When Jenna Clark heard that a small group of students would be able to travel to the Philippines over spring break, she literally jumped out of her chair.

When Jenna Clark heard that a small group of students would be able to travel to the Philippines over spring break, she literally jumped out of her chair.


“I was so excited about this opportunity,” said the senior at Center Place Restoration School in Independence. “I have always wanted to minister and witness to people. I knew as soon as it was announced that I wanted to go.”


Clark, along with seniors Madelyn Cain and Chelsea Hamann as well as principal Richard Neill, traveled to Tagum City in the Philippines the first week of April. Tagum City is located on the southern island of Mindanao. Neill said he has made three trips to the Philippines in the past, but this was the first time he invited current students to go with him. A little more than $13,000 was available from a private donor, which funded the trip for three students.


“I have taken former students to places such as Honduras, Kenya and Nigeria before, but this was the first time I was able to take current students. It just happened to work well, coinciding with spring break,” he said. “It is always important to us to have people connect with each other. It was such a deep experience for them, that they were all sad to go.”


The group left March 30, returning April 7. That included almost a day and a half of traveling each way.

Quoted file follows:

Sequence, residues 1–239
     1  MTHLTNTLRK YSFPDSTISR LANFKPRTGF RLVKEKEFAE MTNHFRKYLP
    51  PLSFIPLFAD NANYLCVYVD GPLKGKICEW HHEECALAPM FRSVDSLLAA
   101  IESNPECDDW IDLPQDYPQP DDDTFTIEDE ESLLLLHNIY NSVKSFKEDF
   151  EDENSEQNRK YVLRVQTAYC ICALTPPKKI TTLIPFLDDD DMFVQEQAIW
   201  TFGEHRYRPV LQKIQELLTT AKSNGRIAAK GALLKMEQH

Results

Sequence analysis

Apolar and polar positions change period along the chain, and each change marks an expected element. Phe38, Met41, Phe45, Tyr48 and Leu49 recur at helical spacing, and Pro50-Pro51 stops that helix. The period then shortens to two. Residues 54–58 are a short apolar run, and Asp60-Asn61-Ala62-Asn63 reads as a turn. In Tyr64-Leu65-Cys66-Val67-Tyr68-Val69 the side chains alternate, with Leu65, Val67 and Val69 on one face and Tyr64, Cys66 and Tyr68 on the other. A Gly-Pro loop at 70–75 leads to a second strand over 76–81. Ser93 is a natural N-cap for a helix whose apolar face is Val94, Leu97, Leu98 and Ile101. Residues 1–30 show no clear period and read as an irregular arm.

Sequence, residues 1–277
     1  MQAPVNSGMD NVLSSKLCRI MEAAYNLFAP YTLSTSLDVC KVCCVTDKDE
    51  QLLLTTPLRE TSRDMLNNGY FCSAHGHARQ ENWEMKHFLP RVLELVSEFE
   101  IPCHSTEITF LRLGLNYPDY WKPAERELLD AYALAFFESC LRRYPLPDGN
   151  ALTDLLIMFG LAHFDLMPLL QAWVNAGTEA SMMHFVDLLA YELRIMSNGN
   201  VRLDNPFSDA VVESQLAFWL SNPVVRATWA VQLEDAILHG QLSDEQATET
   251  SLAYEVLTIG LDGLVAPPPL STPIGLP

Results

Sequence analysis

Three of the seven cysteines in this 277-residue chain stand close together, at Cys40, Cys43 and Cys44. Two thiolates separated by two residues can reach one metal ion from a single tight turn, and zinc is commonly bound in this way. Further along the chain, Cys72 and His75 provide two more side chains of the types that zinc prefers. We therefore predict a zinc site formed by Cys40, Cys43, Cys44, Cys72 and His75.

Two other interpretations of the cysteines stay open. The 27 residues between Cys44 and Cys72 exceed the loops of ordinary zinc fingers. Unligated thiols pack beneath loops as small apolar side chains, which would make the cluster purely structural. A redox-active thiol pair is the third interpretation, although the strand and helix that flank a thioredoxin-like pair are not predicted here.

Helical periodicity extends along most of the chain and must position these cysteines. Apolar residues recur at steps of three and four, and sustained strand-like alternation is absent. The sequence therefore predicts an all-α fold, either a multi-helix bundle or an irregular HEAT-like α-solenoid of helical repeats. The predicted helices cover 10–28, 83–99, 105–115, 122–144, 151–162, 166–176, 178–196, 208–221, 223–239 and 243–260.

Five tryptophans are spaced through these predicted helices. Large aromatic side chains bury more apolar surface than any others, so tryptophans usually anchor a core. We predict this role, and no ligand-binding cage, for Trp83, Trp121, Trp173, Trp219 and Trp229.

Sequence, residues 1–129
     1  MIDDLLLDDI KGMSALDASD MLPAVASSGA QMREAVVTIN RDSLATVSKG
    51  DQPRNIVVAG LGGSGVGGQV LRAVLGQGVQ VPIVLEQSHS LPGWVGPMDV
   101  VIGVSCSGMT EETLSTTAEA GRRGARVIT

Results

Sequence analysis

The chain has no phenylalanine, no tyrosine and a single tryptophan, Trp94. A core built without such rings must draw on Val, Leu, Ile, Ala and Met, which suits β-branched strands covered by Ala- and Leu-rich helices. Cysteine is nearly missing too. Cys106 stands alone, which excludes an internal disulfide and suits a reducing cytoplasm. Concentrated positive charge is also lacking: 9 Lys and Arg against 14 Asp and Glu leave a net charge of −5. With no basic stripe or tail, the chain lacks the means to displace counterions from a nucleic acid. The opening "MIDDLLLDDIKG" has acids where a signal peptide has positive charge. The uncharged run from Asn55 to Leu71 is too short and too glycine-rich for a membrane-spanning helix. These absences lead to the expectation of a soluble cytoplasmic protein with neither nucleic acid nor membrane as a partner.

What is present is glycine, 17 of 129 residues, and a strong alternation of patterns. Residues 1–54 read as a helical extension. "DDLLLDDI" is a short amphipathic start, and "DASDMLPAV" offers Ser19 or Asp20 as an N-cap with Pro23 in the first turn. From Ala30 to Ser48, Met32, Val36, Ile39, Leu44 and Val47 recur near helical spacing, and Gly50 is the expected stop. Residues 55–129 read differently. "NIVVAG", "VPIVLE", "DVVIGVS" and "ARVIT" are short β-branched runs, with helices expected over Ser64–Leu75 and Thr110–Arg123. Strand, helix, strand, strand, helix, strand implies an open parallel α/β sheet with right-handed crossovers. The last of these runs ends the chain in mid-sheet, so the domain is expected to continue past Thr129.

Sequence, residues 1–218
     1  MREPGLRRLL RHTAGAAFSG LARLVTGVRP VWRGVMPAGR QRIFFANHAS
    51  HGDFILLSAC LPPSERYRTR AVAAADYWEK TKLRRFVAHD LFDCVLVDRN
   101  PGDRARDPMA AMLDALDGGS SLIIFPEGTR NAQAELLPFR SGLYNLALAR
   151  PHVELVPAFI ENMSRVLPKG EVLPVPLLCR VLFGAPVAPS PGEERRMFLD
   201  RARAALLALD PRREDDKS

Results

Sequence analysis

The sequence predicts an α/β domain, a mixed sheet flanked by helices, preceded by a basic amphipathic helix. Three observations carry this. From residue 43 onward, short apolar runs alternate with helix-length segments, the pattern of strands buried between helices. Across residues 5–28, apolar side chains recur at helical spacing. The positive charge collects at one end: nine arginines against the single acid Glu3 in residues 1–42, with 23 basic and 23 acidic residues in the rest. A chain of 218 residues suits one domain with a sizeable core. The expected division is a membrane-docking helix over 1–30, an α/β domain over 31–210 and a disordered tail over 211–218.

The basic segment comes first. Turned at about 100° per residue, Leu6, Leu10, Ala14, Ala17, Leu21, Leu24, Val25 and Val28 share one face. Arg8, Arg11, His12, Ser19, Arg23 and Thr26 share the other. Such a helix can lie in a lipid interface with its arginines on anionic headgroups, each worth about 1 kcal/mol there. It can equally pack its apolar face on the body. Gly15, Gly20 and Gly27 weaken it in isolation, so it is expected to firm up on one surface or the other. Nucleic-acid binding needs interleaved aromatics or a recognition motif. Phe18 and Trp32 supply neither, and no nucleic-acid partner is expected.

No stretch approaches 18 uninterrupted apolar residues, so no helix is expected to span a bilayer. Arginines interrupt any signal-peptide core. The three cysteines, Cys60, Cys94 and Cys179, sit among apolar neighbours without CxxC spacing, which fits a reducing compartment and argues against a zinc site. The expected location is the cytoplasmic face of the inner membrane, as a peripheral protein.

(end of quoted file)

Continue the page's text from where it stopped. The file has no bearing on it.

Hamann said she has always wanted to go to another country to serve. Although she was nervous about the plane trip, she said she was excited to go to the Philippines.


“I knew I would be safe, but it was still out of my box,” she said. “I was hoping to gain more trust in God on the trip. He comforted me with everything we did. Putting my trust in Him drew me closer to my Lord, which humbled me.”


Hamann said after they arrived in Tagum City, however, her nervousness increased.


“There were no seatbelts in the cars and no stoplights,” she said. “There were no speed limits, and everyone was just honking at each other. I knew then that this definitely was a life experience.”


During the groups stay in Tagum City, the three students led a two-day youth retreat for the local children, teenagers and young adults. Much of the retreat included mixers and ice-breaker games, but they also had a roundtable discussion where the youth had the opportunity to ask questions of the American visitors and taught the youth how to conduct a prayer service. Many of the questions including describing snow, why Americans got Diabetes and why church volunteers who came to the Philippines were so “energized by the gospel.”


“We thought it went really well. They prayed for guidance in going to college and finding the tuition for college,” Cain said. “One of our main purposes there was to minister to the youth and share the gospel. We were also supposed to share our experience with the school here to get more people excited.”


Clark said she grew to love the Filipino people and was happy to share with them a little of what she has learned in her life about God.


“I am glad that I was able to step outside the norm and understand a little about what it is like to be in their shoes. They have so little,” she said. “It was an incredible experience to be able to spread the love of God. The whole time, I was totally at peace.”